Getting Closer: Finding Out Why The Immune System Attacks Itself

By: | May 22nd, 2019

Finding Out Why The Immune System Attacks Itself

Image by Bruno Glätsch from Pixabay

Definition of Immune System

noun –
“The organs and processes of the body that provide resistance to infection and toxins. Organs include the thymus, bone marrow, and lymph nodes.”

When the Immune System Misfires

Under normal conditions, the immune system can distinguish between foreign cells and your own cells.

In response to an unknown trigger, the immune system misfires due to abnormally low activity or over activity of antibodies also referred to AUTOIMMUNE DISEASE. This disease manifests itself in many forms e.g.  rheumatoid arthritis, lupus, multiple sclerosis, thyroid disease, inflammatory bowel disease and more. Instead of producing antibodies to fight infections, the immune system (which builds up a “memory” of current and past infections) releases proteins called autoantibodies which mistakes part of your body, like your joints or skin, as foreign.

Studies show that the AUTOIMMUNE DISEASE affects 23.5 million Americans, with nearly 80 percent of those being women. Results from a study done, shows that woman are more prone to get AUTOIMMUNE DISEASES compared to men on a ratio of 2-1.  Furthermore, the disease manifests itself during a woman’s childbearing years ages 15 to 44.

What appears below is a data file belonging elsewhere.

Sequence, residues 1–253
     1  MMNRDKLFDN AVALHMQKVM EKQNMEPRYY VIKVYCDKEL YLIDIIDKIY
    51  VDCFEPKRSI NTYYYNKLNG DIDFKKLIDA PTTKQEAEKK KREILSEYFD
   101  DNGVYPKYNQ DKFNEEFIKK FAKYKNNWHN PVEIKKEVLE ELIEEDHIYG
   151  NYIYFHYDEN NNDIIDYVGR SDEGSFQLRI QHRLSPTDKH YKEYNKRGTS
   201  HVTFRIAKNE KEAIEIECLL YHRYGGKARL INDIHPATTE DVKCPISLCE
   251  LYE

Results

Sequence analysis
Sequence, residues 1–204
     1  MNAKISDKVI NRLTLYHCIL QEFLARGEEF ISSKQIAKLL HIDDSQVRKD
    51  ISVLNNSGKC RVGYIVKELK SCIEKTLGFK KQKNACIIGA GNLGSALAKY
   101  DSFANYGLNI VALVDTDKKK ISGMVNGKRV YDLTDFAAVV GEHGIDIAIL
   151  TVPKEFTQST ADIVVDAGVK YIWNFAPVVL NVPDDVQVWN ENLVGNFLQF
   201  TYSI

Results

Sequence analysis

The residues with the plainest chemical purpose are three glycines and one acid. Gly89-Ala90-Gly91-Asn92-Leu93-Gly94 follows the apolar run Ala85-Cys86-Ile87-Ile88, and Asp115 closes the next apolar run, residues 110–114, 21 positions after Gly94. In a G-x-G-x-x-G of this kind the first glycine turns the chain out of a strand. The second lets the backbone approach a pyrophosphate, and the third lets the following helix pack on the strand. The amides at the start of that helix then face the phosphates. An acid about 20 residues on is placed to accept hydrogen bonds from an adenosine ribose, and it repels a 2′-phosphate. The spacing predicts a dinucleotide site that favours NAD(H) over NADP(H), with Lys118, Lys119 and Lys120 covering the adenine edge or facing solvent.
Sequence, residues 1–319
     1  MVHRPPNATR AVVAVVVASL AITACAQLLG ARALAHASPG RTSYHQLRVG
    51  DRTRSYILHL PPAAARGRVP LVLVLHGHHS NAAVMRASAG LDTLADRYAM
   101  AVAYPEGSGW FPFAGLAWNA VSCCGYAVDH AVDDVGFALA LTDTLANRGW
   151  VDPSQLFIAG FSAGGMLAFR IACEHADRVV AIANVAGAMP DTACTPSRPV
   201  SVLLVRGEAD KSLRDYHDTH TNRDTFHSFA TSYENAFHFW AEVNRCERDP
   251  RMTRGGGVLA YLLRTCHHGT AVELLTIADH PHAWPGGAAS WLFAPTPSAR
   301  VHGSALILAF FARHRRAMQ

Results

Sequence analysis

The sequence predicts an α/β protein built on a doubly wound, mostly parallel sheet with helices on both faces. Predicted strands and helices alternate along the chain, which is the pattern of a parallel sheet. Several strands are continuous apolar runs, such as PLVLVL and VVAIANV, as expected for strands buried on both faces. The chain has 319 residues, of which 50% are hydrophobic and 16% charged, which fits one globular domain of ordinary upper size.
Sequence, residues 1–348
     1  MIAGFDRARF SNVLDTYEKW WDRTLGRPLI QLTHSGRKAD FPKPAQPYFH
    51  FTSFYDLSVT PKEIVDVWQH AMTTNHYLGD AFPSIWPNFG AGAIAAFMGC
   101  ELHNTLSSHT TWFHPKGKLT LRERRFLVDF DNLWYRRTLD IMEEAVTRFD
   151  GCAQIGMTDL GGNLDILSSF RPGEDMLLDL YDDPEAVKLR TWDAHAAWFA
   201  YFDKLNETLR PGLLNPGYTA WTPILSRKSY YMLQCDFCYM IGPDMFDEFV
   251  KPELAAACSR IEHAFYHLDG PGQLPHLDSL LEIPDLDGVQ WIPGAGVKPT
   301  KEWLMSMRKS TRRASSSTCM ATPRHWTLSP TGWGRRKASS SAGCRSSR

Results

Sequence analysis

The “Unknown” Trigger

Immunity is critical for the prevention and control of infections, yet the specific B cells in our blood responsible for this, is very understudied. The National Jewish Health produced scientific evidence that a transcription factor T-bet, residing within our B cells, coordinates the body’s immune responses.

“Our findings confirm that Age-associated B Cells (ABCs) drive autoimmune disease,” said Kira Rubtsova, PhD, an instructor in biomedical science at National Jewish Health. “We demonstrated that the transcription factor T-bet inside B cells causes ABCs to develop. When we deleted T-bet inside B cells, mice prone to develop autoimmune disease remained healthy. We believe the same process occurs in humans with autoimmune disease, more often in elderly women.”

Other studies also indicated that the following can contribute to AUTOIMMUNE DISEASE:

  • Gluten
  • Gluten-free grains
  • Quinoa
  • Stress
  • Toxins
  • Sugar
  • Chocolate
  • Dairy
  • Nightshades – tomatoes, peppers, potatoes, eggplants, goji berries
  • SIBO – Small intestinal bacterial overgrowth
  • Weakened microbiome
  • Leaky gut syndrome

Restoring The Balance

Through deleting the T-bet in the B cell, the use of high dose immunosuppressants which destroys the B cells, are no longer required, thus ensuring that the B cell can still perform its immunization function. Unfortunately, there is still a lot of research required to produce a global cure due to the variety of autoimmune diseases.

Bianca Van der Watt

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